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Four men, including two from Utah, sentenced in scheme to recover gold from dirt

Gold
Posted at 9:20 AM, Apr 23, 2021
and last updated 2021-04-23 11:48:14-04

SALT LAKE CITY — Four men, including two from Utah and two from California, have all been sentenced in connection with a telemarketing scheme that promised investors they had the technology to extract gold from dirt.

According to the U.S. Department of Justice, most of the investor/victims were elderly. The victims were told Matthew Earl Mangum, 51, of South Jordan, was an expert metallurgist and he had developed a revolutionary gold extraction process.

"Investors were told that the defendants controlled this proprietary, breakthrough, nanotechnology that used environmentally friendly means to recover microscopic particles of gold from dirt," a news release from USDOJ says.

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According to DOJ, 75-year-old Kenneth Stephen Gross, of Porter Ranch, Calif. was in charge of cold-calling potential investors and passing the information for interested parties to 69-year-old Jonathan Edward Shoucair of North Hills, Calif. and 55-year-old Marc Andrew Tager of Sandy in order to obtain funds from investors.

The news release says the men raised over $8 million beginning in 2014, but only used $3 million for potentially legitimate business purposes.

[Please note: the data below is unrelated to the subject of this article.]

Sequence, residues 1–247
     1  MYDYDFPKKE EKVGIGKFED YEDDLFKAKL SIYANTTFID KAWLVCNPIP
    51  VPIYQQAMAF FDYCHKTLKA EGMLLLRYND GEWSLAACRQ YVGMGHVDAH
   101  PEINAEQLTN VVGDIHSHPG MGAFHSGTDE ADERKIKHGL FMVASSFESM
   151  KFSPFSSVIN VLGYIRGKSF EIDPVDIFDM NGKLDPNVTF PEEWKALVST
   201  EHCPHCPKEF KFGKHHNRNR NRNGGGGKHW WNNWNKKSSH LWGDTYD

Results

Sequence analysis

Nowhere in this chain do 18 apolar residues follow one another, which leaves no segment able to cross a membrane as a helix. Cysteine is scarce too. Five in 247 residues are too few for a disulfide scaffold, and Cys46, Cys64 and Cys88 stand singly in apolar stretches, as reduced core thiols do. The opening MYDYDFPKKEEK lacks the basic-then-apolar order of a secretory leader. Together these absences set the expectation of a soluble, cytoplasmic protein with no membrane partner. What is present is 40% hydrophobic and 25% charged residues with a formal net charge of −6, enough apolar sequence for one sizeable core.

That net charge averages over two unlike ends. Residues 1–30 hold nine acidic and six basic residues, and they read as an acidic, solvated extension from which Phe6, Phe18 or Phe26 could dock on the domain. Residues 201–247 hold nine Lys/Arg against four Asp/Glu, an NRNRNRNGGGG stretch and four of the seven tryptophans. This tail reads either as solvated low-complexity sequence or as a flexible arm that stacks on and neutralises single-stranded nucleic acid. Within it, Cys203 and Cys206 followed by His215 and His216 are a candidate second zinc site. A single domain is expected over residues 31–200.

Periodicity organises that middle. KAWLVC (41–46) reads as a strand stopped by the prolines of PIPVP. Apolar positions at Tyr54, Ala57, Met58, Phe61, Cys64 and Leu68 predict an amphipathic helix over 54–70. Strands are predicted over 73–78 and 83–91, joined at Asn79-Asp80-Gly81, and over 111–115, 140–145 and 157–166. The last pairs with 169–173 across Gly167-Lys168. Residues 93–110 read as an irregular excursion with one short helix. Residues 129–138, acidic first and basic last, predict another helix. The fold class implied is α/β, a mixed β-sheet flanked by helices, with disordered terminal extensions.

$2 million went to telemarketers, including Gross, and the other $3 million was spent for the personal benefit of Mangum, Shoucair and Tager, DOJ said.

The defendants created Jersey Consulting LLC and a marketing website that claimed they owned an 80-acre property with a substantial amount of mineral-rich ore. Investors were told they would receive a 100 percent return on their investments within 12 months.

"Investors were also told that their money would be secured by the physical assets owned by Jersey and that the investors would have priority over these assets should the business fail," the news release says. "What investors did not know was that Tager and Shoucair first met while serving multi-year federal prison sentences together for previous fraud related convictions."

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Tager was sentenced on April 14 to 43 months in federal prison for conspiracy to commit wire and mail fraud, money laundering, and possession of a firearm by a convicted felon.

Shoucair was sentenced on October 23, 2020, to 72 months in federal prison for conspiracy to commit wire and mail fraud and money laundering.

Mangum was sentenced on November 18, 2020, to 48 months in federal prison for conspiracy to commit wire fraud and money laundering.

Gross was sentenced on January 16, 2020, to 24 months of probation for failing to disclose to federal authorities that he had knowledge that securities fraud was occurring.

"Assistant U.S. Attorneys Jacob J. Strain, Trina Higgins, and Allison Moon in the Utah U.S. Attorney’s Office prosecuted the case. Investigators from the Utah Department of Commerce Division of Securities and Special Agents from the FBI and the IRS conducted the investigation," the DOJ news release states.